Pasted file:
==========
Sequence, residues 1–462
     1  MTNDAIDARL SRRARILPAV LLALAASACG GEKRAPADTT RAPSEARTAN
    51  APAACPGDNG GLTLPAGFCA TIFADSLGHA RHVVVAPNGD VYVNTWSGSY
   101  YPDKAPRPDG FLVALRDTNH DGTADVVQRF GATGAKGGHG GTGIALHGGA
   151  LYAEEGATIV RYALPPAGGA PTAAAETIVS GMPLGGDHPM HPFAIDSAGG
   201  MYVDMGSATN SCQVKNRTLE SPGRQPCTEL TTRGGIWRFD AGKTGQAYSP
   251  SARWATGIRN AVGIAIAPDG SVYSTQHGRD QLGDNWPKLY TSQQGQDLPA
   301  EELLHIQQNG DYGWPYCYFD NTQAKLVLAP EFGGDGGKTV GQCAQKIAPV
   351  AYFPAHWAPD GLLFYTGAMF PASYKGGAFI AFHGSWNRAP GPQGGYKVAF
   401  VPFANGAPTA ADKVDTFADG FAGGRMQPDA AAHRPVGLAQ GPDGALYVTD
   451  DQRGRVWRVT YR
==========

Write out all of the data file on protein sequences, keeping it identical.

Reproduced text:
Sequence, residues 1–462
     1  MTNDAIDARL SRRARILPAV LLALAASACG GEKRAPADTT RAPSEARTAN
    51  APAACPGDNG GLTLPAGFCA TIFADSLGHA RHVVVAPNGD VYVNTWSGSY
   101  YPDKAPRPDG FLVALRDTNH DGTADVVQRF GATGAKGGHG GTGIALHGGA
   151  LYAEEGATIV RYALPPAGGA PTAAAETIVS GMPLGGDHPM HPFAIDSAGG
   201  MYVDMGSATN SCQVKNRTLE SPGRQPCTEL TTRGGIWRFD AGKTGQAYSP
   251  SARWATGIRN AVGIAIAPDG SVYSTQHGRD QLGDNWPKLY TSQQGQDLPA
   301  EELLHIQQNG DYGWPYCYFD NTQAKLVLAP EFGGDGGKTV GQCAQKIAPV
   351  AYFPAHWAPD GLLFYTGAMF PASYKGGAFI AFHGSWNRAP GPQGGYKVAF
   401  VPFANGAPTA ADKVDTFADG FAGGRMQPDA AAHRPVGLAQ GPDGALYVTD
   451  DQRGRVWRVT YR